In this study, we directly evaluate whether patient-to-nurse staffing ratios are associated with clinical outcomes for patients admitted with sepsis in 116 New York state hospitals. We simultaneously evaluate the effects of hospital adherence to the SEP-1 evidence-based care bundle on patient outcomes to determine whether and to what extent improving patient-to-nurse staffing ratios might benefit patients. This research question is timely and policy relevant since New York state requires sepsis bundles and is currently considering the Safe Staffing for Quality Care Act (A2954/S1032),

      New York Senate and Assembly. Safe Staffing for Quality Care Act (A2954/S1032).

      which would require hospitals to comply with safe nurse staffing ratios.

      Methods

       Design and data sources

      A cross-sectional analysis of multiple linked data sources was undertaken. Data about hospitals were provided from several sources including a large survey of registered nurses licensed in New York state, the 2017 American Hospital Association Annual Survey, and publicly available 2017 Hospital Compare data from the CMS.

      Centers for Medicare & Medicaid. Hospital compare. Available at: https://www.medicare.gov/hospitalcompare/search.html. Accessed December 14, 2020.

      Information about patient characteristics and outcomes was derived from CMS MEDPAR data of Medicare patients hospitalized during 2017.
      Nurses practicing in hospitals were used as informants about staffing levels and other features of their work environments. The survey of registered nurses was conducted between December 2019 and February 2020. Email addresses of all actively licensed nurses were obtained from the New York state licensure list. All nurses, not a sample, were contacted by email to complete the survey and responses were returned anonymously. Nurses who did not respond to the initial survey invitation received up to 10 follow-up invitations during the study period. Once nurses completed the survey, they no longer received these follow-up invitations; and nurses could opt-out at any time. Nurses were asked to report the name of their hospital employer, which allowed us to aggregate responses from nurses working in the same hospital and create hospital-level measures of nursing resources, such as patient-to-nurse staffing ratios. Additional details of the survey methodology have been reported elsewhere, including results of a nonresponse second survey revealing no response bias in the variables of interest.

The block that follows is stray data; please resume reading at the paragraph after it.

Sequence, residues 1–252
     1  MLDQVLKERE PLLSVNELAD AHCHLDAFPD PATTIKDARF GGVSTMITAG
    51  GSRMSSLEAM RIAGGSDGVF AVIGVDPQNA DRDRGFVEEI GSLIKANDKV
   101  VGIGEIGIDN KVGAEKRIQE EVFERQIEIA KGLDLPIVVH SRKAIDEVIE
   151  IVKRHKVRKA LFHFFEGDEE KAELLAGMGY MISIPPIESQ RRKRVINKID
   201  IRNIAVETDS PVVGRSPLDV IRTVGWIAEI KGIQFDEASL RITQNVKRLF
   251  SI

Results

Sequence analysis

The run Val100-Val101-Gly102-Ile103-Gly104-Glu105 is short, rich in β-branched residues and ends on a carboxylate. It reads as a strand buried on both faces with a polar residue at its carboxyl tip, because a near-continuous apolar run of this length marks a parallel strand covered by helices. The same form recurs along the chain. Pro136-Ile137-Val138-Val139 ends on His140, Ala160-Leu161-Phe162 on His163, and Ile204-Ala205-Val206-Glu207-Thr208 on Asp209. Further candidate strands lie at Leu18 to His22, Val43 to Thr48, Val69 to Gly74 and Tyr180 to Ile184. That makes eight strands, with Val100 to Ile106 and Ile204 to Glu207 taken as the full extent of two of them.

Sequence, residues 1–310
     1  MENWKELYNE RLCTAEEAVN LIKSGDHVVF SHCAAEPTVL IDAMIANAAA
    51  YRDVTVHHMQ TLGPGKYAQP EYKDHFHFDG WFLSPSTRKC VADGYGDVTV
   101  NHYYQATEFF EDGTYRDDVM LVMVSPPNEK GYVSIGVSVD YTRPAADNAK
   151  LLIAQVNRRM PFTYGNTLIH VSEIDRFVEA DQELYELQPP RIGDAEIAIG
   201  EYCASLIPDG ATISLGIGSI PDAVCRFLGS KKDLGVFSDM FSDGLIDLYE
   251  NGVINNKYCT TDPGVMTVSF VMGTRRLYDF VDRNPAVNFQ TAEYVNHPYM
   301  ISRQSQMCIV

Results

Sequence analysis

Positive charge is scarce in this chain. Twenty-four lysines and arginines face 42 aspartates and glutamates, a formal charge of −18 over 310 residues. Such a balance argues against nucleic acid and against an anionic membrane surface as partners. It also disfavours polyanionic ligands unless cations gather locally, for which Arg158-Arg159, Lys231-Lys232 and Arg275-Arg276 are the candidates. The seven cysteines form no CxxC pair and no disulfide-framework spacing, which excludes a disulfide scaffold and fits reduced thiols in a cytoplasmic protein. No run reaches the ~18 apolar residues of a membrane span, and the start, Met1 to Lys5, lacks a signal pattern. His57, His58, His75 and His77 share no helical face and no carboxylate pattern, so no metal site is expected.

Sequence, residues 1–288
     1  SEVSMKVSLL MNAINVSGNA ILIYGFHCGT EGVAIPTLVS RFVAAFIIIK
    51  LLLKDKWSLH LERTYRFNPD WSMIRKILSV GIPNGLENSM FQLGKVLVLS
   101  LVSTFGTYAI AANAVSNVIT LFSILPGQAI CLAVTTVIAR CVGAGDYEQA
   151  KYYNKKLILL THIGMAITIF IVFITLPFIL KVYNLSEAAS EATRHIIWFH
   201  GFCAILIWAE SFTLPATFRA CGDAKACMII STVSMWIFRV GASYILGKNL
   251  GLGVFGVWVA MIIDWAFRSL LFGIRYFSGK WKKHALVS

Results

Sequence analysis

• Lasater KB
      • Jarrin OF
      • Aiken LH
      • et al.
      A methodology for studying organizational performance.
      The nurse-level response rate was 17% yielding 13,000 responses, an average of 24 registered nurses per hospital working in adult medical surgical units, thus providing reliable estimates of staffing in most acute care general hospitals in New York state.
      National Research Council
      Nonresponse in Social Science Surveys: A Research Agenda.

       Study sample of hospitals and patients

      The analytic sample of hospitals included acute care hospitals in New York state. Hospitals were included in the sample if they had at least 5 registered nurses who responded to the survey and reported working on a medical-surgical unit as a direct care staff nurse. Among the final sample of 116 study hospitals, the average number of nurse respondents was 24 and ranged from 5 to 139 nurses per hospital.